Here’s a phenomenal shot of the sunrise on Glen Lake from atop the dunes in the Sleeping Bear Dunes National Lakeshore.

View Owen’s photo bigger and see more in his Michigan album.

Eight Hooter, Rain Owl, Wood Owl, Striped Owl, Barred Owl

Barred Owl, photo by Mark Miller

Those cool names are from the Wikipedia for the Barred Owl (Strix varia). The All About Birds page on Bard Owls says in part:

The Barred Owl’s hooting call, “Who cooks for you? Who cooks for you-all?” (see video below) is a classic sound of old forests and treed swamps. But this attractive owl, with soulful brown eyes and brown-and-white-striped plumage, can also pass completely unnoticed as it flies noiselessly through the dense canopy or snoozes on a tree limb. Originally a bird of the east, during the twentieth century it spread through the Pacific Northwest and southward into California.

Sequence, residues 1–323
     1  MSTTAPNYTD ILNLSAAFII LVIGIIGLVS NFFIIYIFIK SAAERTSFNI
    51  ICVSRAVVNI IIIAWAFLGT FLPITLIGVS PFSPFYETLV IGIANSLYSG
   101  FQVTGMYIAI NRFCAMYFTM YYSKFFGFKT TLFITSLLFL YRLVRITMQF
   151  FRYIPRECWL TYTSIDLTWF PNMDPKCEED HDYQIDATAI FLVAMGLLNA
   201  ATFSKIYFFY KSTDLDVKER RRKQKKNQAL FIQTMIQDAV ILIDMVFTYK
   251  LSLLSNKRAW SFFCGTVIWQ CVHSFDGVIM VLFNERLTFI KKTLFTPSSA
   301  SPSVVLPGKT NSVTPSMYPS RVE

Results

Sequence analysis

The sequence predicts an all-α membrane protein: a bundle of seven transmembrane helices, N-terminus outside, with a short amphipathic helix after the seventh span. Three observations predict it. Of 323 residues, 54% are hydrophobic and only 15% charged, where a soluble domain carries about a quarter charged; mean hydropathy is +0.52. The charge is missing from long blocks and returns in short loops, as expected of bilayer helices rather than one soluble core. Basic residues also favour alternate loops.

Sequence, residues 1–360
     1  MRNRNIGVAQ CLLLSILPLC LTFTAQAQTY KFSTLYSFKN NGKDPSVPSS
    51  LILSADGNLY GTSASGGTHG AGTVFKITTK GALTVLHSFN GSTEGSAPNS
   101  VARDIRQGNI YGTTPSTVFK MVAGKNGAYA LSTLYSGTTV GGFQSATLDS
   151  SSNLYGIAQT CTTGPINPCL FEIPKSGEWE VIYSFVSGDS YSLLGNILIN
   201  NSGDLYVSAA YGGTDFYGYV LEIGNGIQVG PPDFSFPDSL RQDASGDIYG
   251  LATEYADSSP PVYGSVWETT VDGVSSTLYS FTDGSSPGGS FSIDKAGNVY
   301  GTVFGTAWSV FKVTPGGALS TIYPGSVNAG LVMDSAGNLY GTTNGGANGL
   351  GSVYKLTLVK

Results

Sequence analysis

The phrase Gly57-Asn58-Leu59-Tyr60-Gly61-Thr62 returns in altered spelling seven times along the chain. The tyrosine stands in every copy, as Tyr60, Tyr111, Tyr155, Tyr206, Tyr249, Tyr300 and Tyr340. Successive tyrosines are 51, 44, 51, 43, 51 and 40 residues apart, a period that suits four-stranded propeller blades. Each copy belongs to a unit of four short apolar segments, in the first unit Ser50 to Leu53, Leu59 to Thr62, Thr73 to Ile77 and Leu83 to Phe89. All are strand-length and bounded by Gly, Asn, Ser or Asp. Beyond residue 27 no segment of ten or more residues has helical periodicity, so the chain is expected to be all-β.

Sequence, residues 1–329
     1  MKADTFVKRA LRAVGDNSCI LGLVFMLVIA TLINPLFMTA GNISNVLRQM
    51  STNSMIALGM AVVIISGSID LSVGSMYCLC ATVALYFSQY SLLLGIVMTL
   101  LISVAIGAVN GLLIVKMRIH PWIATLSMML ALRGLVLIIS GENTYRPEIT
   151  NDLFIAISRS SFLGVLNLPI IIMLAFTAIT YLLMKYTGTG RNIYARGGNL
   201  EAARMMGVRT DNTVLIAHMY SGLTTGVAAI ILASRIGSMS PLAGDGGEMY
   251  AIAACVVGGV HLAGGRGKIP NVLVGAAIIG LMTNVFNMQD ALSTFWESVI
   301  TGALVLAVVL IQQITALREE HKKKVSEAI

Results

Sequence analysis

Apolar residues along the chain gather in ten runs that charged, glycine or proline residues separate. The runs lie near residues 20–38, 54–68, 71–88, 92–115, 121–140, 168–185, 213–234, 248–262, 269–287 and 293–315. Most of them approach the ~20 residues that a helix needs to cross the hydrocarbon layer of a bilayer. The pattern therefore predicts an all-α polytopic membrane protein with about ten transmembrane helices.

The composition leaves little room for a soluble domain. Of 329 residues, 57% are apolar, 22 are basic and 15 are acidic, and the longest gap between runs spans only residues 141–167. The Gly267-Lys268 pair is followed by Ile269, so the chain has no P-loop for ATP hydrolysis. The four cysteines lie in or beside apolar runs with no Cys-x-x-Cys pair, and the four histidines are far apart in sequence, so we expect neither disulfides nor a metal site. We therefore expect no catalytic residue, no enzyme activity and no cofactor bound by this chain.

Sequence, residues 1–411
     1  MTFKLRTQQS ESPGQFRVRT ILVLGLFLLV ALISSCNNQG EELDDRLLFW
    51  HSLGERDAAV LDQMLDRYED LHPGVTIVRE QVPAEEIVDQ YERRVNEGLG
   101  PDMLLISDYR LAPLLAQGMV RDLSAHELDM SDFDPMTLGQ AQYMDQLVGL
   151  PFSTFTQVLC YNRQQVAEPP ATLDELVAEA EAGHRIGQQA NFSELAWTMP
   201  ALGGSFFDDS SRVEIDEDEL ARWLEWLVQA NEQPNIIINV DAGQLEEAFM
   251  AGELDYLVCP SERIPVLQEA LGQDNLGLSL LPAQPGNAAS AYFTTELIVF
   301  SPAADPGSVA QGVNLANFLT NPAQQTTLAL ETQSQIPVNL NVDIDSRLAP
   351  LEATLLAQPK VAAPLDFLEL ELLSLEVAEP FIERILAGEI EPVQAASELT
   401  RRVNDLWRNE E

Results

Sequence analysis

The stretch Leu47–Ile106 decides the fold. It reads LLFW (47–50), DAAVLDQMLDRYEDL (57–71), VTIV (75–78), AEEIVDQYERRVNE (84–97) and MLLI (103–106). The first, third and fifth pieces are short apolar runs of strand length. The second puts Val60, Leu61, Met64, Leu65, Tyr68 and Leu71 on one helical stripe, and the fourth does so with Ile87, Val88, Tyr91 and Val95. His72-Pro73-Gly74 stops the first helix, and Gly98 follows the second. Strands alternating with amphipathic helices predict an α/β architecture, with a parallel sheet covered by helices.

Barred Owls live year-round in mixed forests of large trees, often near water. They tend to occur in large, unfragmented blocks of mature forest, possibly because old woodlands support a higher diversity of prey and are more likely to have large cavities suitable for nesting. Their preferred habitats range from swamps to streamsides to uplands, and may contain hemlock, maple, oak, hickory, beech, aspen, white spruce, quaking aspen, balsam poplar, Douglas-fir, lodgepole pine, or western larch.